Once NaturallySpeaking is active, you can dictate text into most Windows-based applications. We tried it with everything from Microsoft Word 2003 and Outlook Express to AOL and Intuit's Quicken and never encountered a problem.

The accuracy of DNS 7.0 is amazing. We read two newspaper articles and a business letter into Word, and the program scored an impressive 97 to 98 percent accuracy rate. We dictated more than 100 words for the business letter, and the program churned out the document with only three typos.

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The program's accuracy is top-notch, producing only three errors in this 100-word document.

In addition to dictating text, you can control menus and dialog boxes with your voice. For example, you can open an app's File menu with a simple "Click file" voice command. Version 7.0 adds several new programs to its list of speech-enabled apps, including AOL 6.0, 7.0, and 8.0 (but not the newest AOL 9.0); WordPerfect 11.0; and Microsoft Access. These additions to already supported apps such as Word, Lotus Notes, and Excel mean you can use plain-English commands to operate the software. Unfortunately, the Preferred edition doesn't support dictation into Outlook or PowerPoint. For that, you'll have to upgrade to Professional, which costs a hefty $695. The good news is that you can edit text in word processors such as Word and WordPerfect. For instance, you can highlight a section in Word by saying "Select" and repeating a string of text; from there, saying "Bold" will boldface it. But editing by voice is more gimmick than graceful; most users will find it much faster to edit with mouse and keyboard.

Web navigation with Dragon NaturallySpeaking 7.0 is a real winner. You can run Internet Explorer 5.0 or later (we used 6.0) by microphone, scroll through pages, enter URLs, or call up a link by saying its first few words. We dictated commands such as "Start scrolling down" and "Page up," and the program recognized them in every instance. Unfortunately, we didn't have as much success entering URLs and ended up spelling them out most of the time. Dragon provides support for NaturallySpeaking 7.0 via phone, e-mail, and an online knowledge base.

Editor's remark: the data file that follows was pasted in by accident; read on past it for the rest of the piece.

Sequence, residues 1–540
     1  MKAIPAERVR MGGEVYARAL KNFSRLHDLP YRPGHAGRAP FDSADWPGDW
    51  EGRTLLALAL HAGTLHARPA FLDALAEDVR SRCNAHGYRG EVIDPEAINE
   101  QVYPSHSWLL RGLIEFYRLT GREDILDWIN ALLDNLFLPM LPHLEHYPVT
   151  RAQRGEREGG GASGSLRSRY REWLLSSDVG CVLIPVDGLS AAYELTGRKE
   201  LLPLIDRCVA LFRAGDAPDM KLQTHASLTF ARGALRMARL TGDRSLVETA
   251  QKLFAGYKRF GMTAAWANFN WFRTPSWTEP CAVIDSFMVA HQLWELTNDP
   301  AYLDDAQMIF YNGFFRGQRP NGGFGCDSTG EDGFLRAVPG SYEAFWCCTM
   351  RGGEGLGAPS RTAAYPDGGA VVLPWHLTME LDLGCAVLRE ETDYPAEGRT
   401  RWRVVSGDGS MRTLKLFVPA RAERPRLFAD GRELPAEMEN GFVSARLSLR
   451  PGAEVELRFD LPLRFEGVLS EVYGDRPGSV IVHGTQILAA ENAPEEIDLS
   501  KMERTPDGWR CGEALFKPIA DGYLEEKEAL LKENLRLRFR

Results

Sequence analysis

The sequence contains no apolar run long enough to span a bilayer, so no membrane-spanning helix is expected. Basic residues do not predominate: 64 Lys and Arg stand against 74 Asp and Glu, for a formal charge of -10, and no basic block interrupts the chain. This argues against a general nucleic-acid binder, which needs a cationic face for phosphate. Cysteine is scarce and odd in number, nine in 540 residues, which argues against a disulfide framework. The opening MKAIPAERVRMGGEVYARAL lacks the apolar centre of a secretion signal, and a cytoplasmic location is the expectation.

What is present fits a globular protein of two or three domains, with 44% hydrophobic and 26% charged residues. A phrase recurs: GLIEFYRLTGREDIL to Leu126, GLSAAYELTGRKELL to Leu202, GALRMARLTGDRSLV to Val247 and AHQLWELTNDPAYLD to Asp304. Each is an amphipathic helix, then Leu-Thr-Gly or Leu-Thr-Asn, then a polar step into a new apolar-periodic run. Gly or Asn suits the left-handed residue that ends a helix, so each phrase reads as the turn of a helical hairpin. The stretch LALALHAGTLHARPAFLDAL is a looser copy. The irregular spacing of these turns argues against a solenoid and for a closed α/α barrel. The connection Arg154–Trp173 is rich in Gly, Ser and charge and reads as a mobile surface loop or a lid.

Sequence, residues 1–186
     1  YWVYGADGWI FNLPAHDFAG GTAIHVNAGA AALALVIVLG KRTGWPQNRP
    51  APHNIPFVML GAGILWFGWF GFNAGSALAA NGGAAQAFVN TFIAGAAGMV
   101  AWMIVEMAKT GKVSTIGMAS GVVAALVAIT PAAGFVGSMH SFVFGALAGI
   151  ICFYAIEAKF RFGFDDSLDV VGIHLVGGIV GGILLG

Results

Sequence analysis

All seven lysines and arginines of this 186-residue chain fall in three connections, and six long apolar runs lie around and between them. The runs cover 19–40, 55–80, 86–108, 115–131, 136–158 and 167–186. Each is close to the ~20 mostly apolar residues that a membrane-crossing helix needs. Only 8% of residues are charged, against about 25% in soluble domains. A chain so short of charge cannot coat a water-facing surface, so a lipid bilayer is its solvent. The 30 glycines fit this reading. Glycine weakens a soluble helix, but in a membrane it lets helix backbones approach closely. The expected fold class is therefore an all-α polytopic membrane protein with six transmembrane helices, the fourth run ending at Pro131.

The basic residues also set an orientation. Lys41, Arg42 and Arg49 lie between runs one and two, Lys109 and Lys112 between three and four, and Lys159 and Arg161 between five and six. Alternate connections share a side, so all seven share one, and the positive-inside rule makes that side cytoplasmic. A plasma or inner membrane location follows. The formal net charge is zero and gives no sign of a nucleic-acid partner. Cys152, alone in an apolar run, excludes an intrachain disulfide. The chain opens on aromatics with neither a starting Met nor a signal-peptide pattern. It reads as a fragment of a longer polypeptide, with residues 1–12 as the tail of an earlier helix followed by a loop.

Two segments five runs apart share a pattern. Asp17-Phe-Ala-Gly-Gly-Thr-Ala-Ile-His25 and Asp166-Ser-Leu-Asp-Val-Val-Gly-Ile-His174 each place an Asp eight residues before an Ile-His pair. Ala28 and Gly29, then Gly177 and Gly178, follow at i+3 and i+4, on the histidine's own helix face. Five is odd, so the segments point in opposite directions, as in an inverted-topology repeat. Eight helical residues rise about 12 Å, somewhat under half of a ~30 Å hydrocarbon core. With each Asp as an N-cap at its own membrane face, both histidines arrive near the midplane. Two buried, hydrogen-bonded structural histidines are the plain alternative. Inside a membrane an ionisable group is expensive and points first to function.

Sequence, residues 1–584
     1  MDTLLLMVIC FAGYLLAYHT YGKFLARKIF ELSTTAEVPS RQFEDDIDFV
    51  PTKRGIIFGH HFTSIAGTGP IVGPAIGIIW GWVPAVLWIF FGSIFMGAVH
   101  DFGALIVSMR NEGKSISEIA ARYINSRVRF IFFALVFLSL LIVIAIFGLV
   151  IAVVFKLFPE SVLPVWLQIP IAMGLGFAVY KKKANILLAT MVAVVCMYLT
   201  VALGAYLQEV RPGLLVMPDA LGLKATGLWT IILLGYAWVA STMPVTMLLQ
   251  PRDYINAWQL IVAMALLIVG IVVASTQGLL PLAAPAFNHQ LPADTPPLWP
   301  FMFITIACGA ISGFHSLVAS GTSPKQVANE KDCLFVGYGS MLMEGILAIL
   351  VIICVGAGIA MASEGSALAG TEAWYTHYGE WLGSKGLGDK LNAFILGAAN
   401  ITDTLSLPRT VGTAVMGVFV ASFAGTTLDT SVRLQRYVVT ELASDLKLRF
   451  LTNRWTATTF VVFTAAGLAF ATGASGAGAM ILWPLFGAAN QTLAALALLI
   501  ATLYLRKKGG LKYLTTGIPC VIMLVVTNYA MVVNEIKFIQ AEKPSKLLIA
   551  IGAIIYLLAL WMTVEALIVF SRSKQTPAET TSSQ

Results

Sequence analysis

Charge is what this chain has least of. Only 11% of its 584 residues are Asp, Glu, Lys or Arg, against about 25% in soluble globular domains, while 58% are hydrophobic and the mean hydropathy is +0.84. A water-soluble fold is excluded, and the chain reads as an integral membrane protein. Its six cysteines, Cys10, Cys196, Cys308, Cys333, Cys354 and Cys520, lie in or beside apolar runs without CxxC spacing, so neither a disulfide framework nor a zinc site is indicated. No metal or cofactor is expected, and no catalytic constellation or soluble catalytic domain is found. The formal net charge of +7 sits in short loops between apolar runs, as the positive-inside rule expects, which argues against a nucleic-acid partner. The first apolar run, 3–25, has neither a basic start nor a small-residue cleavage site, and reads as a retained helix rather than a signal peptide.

The knowledge base is the only free option. It is easily searchable and offers tons of help with problems others have already encountered. (ScanSoft also maintains user-based forums but, unfortunately, not one for NaturallySpeaking--strange.)

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The online knowledge base, a free resource on ScanSoft's Web site, offers technical notes and a searchable database.

E-mail queries cost $9.95 per incident, and ScanSoft promises a 24-hour turnaround. Phone support costs double, at $19.95 per incident, and the call isn't toll free. Phone and e-mail support are available Monday through Friday from 8:30 a.m. to 5:30 p.m. PT. You do get one free phone-support call, however. In our tests, a support technician was on the line within seconds and was able to solve our problem.